c. The focus upon "horn" does little to address the destruction of the motives.
1) The "horn" is an instrument of the destruction of the enemy -- not his motivations.
2) The "horn" follows the "redemption price" in Zacharias' words.
a) It is the proclamation of the redemption paid that addresses the motivations of men.
i. If they "believe" the proclamation, they can be "forgiven" -- a destruction of evil motivations.
ii. If they "disbelieve" the proclamation, their motivations remain.
b) It is the proclamation of the "horn of salvation" that addresses the believer and gives him hope.
i. If he "believes" the proclamation, he finds "rest unto his soul".
ii. If he "disbelieves" the proclamation, he lives in "fear".
B. The "horn" is raised up in the "house" of David as "child/servant".
1. The translation of the word "servant" is "iffy".
a. Luke uses a variation of the very same word in 1:76 where Zacharias addresses John.
b. The question is why the Spirit moved Zacharias to identify David as God's "child"...
1) A very helpful context is Luke 7 where a centurion had a "servant" [bond-servant] who became ill. The centurion sent for help from Jesus. The servant is called "child" in the expression of the centurion's attitude toward this particular "servant". The implication is that the word "child", which can easily refer to a slave, is used when there is a relational bond between the "master/father" and the "slave/child".
2) Zacharias' choice of terms by the Spirit signals a special attitude that God has toward David...one of tender care and deep relational commitment.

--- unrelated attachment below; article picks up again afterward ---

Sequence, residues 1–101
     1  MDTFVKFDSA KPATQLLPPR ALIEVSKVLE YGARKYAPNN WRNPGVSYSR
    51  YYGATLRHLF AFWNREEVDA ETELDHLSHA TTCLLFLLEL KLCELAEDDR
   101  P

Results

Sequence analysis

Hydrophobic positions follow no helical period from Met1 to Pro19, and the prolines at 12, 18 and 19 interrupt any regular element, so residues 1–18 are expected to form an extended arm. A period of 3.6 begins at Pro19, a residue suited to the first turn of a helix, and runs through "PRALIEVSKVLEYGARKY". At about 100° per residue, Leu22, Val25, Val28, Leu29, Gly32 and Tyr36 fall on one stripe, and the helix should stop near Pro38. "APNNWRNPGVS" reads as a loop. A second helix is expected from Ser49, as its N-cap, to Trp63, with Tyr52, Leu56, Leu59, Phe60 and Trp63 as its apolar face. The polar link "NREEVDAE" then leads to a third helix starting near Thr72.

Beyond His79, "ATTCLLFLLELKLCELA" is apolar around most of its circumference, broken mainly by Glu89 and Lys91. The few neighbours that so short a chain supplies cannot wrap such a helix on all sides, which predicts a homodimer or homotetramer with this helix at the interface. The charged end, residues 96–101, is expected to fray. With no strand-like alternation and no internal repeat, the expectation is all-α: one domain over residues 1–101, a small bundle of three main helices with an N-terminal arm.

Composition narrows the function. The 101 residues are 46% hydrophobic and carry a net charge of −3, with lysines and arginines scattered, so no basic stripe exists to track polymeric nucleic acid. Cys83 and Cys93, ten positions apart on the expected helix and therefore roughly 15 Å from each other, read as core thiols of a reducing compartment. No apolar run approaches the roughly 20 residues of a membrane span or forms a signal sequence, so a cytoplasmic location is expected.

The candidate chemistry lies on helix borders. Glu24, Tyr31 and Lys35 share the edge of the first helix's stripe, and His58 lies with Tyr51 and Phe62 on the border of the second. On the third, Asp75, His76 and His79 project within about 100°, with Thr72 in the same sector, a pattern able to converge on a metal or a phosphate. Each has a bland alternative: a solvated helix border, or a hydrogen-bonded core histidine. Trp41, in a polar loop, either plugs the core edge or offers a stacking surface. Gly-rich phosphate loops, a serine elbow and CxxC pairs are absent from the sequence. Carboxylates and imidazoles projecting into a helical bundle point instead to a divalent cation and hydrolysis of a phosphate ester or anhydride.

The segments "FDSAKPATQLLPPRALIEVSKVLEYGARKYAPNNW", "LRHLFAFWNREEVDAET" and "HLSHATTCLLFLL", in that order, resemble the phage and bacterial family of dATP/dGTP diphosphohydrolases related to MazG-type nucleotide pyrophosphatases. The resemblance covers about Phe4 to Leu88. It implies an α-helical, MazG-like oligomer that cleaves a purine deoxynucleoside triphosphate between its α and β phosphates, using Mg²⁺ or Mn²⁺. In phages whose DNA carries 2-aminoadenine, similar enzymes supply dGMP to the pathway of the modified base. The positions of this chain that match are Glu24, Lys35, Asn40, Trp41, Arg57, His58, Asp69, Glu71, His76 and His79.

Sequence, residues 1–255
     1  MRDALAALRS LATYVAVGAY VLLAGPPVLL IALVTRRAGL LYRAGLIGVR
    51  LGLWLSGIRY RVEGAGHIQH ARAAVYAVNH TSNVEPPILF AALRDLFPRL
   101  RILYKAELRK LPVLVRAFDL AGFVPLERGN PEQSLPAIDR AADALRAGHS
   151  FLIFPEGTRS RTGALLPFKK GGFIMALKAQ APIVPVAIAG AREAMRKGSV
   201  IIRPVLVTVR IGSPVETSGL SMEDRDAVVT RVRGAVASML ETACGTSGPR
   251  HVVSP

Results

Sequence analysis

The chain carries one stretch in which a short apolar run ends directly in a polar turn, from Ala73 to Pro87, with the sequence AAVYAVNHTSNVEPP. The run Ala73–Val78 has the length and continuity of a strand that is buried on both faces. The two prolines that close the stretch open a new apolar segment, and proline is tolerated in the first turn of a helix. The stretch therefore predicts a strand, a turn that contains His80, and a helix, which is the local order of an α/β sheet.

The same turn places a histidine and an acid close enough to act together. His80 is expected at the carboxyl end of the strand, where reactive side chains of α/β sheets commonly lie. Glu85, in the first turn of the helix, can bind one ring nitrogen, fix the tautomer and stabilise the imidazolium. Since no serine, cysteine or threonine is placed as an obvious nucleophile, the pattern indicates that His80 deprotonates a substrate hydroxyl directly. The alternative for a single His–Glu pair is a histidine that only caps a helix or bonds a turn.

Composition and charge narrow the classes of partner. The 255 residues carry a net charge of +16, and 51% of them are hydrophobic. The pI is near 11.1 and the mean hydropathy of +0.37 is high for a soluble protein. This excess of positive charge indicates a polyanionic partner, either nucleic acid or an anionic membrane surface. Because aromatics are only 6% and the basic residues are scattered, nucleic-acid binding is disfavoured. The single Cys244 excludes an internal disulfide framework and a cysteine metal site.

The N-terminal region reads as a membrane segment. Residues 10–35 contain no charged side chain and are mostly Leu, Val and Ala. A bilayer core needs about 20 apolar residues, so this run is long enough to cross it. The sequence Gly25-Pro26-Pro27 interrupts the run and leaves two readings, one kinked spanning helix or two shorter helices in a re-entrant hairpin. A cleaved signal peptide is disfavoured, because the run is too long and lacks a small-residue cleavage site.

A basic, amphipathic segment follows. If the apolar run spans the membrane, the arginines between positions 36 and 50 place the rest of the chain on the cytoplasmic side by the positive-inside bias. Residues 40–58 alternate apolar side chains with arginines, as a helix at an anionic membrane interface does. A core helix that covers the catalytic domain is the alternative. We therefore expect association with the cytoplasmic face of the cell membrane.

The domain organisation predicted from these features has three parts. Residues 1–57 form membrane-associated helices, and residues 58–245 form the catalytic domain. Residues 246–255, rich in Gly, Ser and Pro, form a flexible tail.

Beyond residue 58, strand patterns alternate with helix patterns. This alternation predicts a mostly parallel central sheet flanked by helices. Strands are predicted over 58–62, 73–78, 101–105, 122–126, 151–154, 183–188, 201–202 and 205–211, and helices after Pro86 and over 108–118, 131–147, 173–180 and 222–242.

3) In Acts 4:27-30 the disciples deliberately call Jesus God's "child".
2. There is this about the word: in God's Kingdom, all are "beloved servants" as well as "beloved children". The Kingdom is "of such"...servant children.
3. The "house" issue is the Davidic dynasty promised in 2 Samuel 7.
a. The statement regarding the house of David is a clear signal that Zacharias has a "king" in mind.
b. That he has a "king" in mind has some implications for the kind of deliverance he is anticipating.
1) King's typically set the agenda of the Kingdom and enforce it: implying that "deliverance" is going to have "justice enforcement" overtones.
2) King's also typically protect the Kingdom from outside forces of evil: implying that "deliverance" is going to have "walls of Jasper" overtones (security from threats from without).
4. That it is "David's" house is the clearest of all signals that Zacharias is speaking of Jesus and not John.
a. "David" seems linked to "Dod", the Hebrew word for "beloved" -- the one who stimulates to extraordinary feelings of pleasure. Theological Wordbook of the Old Testament says the linkage is "uncertain", but there is nothing uncertain about the fact that David was a person whom God has placed extremely high on the ladder of values...i.e. God loves David so that he is beloved.
b. The reference to the house of David injects the picture of the overall plan into the reality of the on-going minutia of details that fill the ordinary days. This means that everyone really needs to have a big picture framework in which to plug the sense of details. Without the proper big picture, the perspective heads south pretty fast...and when that happens the quality of life begins to head south also.